To what extent the story is true is difficult to say. However, it is possible that the Mizos originated from Sinlung or Chinlungsan on the banks of the Yalung River in China. According to K.S. Latourette existed in 210 BC. BC political upheavals in China. when dynastic rule was abolished and the entire empire came under a single administrative system. Rebellions broke out and chaos reigned throughout the Chinese state. That the Mizos left China as part of one of those migration waves. Whatever the case, it seems likely that circumstances caused the Mizos to move from China to Burma and then to India. They first settled in Shan State after overcoming resistance from the indigenous people. They then changed settlements several times, moving from Shan State to the Kabaw Valley, Khampat and the Chin Hills of Burma. They finally began crossing the Tiau River into India in the mid-16th century.

The Shan were already firmly established in their state when the Mizos arrived there from Chhinlung around the 5th century. The Shan did not welcome the newcomers, but they could not expel the Mizos. The Mizos lived happily in Shan State for about 300 years before moving to the Kabaw Valley around the 8th century.

In the Kabaw Valley, Mizos had the opportunity to freely interact with the local Burmese. The two cultures met and the two tribes influenced each other in terms of clothing, customs, music and sports. According to some, the Mizos learned the art of farming from the Burmese in Kabaw. Many of their farming implements bore the prefix Kawl, which was the name the Mizos gave to the Burmese.

Khampat (now in Myanmar) is known to have been the next Mizo settlement. The area that the Mizos claimed as their oldest city was surrounded by an earthen wall and divided into several parts. The ruler’s residence was located in the central block called Nan Yar (palace site). The construction of the city shows that the Mizos had already acquired considerable architectural skill. It is said that they planted a banyan tree in Nan Yar before leaving Khampat as a sign that they built the city.

The Mizos settled in the Chin Hills on the India-Burmese border in the early 14th century. They built villages and called them by their clan names, such as Seipui, Saihmun, and Bochung. The hill and difficult terrain of Chin Hills stood in the way of building another central community like Khampat. The villages were so scattered that it was not always possible for the different Mizo clans to keep in touch with each other.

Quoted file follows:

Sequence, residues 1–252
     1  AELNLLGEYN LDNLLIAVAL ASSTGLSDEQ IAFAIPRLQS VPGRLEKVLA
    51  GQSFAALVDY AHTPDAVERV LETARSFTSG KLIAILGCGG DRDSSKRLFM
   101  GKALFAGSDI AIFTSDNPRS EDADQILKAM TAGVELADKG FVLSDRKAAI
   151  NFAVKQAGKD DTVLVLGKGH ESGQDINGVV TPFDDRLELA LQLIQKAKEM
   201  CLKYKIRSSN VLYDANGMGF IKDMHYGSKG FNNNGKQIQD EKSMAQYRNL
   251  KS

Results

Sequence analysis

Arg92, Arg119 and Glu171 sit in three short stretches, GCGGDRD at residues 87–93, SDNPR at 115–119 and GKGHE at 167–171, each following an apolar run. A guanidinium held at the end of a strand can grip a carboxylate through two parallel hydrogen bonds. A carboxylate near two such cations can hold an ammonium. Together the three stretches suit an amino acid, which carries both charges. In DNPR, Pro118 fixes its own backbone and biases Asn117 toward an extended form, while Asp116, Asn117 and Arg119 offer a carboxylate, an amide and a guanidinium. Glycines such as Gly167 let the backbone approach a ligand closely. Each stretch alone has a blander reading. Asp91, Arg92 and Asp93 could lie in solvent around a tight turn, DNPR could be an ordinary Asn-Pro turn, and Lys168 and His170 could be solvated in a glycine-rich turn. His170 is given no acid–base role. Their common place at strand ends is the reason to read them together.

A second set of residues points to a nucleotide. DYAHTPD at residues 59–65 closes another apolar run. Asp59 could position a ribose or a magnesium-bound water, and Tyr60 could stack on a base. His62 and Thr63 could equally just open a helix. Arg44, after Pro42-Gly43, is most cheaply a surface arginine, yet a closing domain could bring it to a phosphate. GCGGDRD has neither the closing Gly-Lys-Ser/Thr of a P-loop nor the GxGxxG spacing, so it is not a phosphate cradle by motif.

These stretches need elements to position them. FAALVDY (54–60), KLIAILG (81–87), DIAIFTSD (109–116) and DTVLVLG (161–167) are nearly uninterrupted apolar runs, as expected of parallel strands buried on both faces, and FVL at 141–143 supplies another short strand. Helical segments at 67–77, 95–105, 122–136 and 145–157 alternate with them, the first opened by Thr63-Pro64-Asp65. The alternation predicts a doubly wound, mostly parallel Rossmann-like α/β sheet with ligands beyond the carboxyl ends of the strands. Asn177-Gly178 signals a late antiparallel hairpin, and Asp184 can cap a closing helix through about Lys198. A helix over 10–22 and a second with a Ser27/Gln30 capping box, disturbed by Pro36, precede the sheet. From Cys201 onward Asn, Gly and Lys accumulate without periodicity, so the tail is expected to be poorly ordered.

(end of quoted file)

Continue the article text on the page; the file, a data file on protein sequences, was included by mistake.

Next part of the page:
There are many places in Mizoram that can be described as ‘must see’ for sports tourism, anyone who wants to see something more than the traditional sports tourism, anyone interested in learning about local culture and traditions is recommended / You are expected to do/visit some of the historical monuments and legendary caves of Mizoram scattered across the state. Traveling in Mizoram, like any other mountainous region, is painful and sometimes not very dangerous, but it has its own rewards.

Blue Mountain: The highest peak in Mizoram, Blue Mountain (Phawngpui) is located in Chhimtuipui District overlooking the bend of Koldyne River (Chhimtuipui) near the state border with Myanmar. The 2,157-meter peak surrounded by bamboo forests at the top, where there is a flat land of about 200 hectares, offers a great view of the high hills and the winding hilly valleys. The surrounding forests are home to several beautiful and rare species of flora and fauna.


Pukzing Cave: The largest cave in Mizoram is located in Pukzing Village near Marpara in Aizawl (Mamit) District. According to legend, the cave was dug out of the hills with the help of a pitchfork by a very strong man named Mualzavata.

Milu Puk: In the Mizo language, Puk means cave. Near the village of Mamte, more than 100km from the town of Lunglei, Milu Puk, a large cave, was discovered many years ago to contain piles of human skeletons.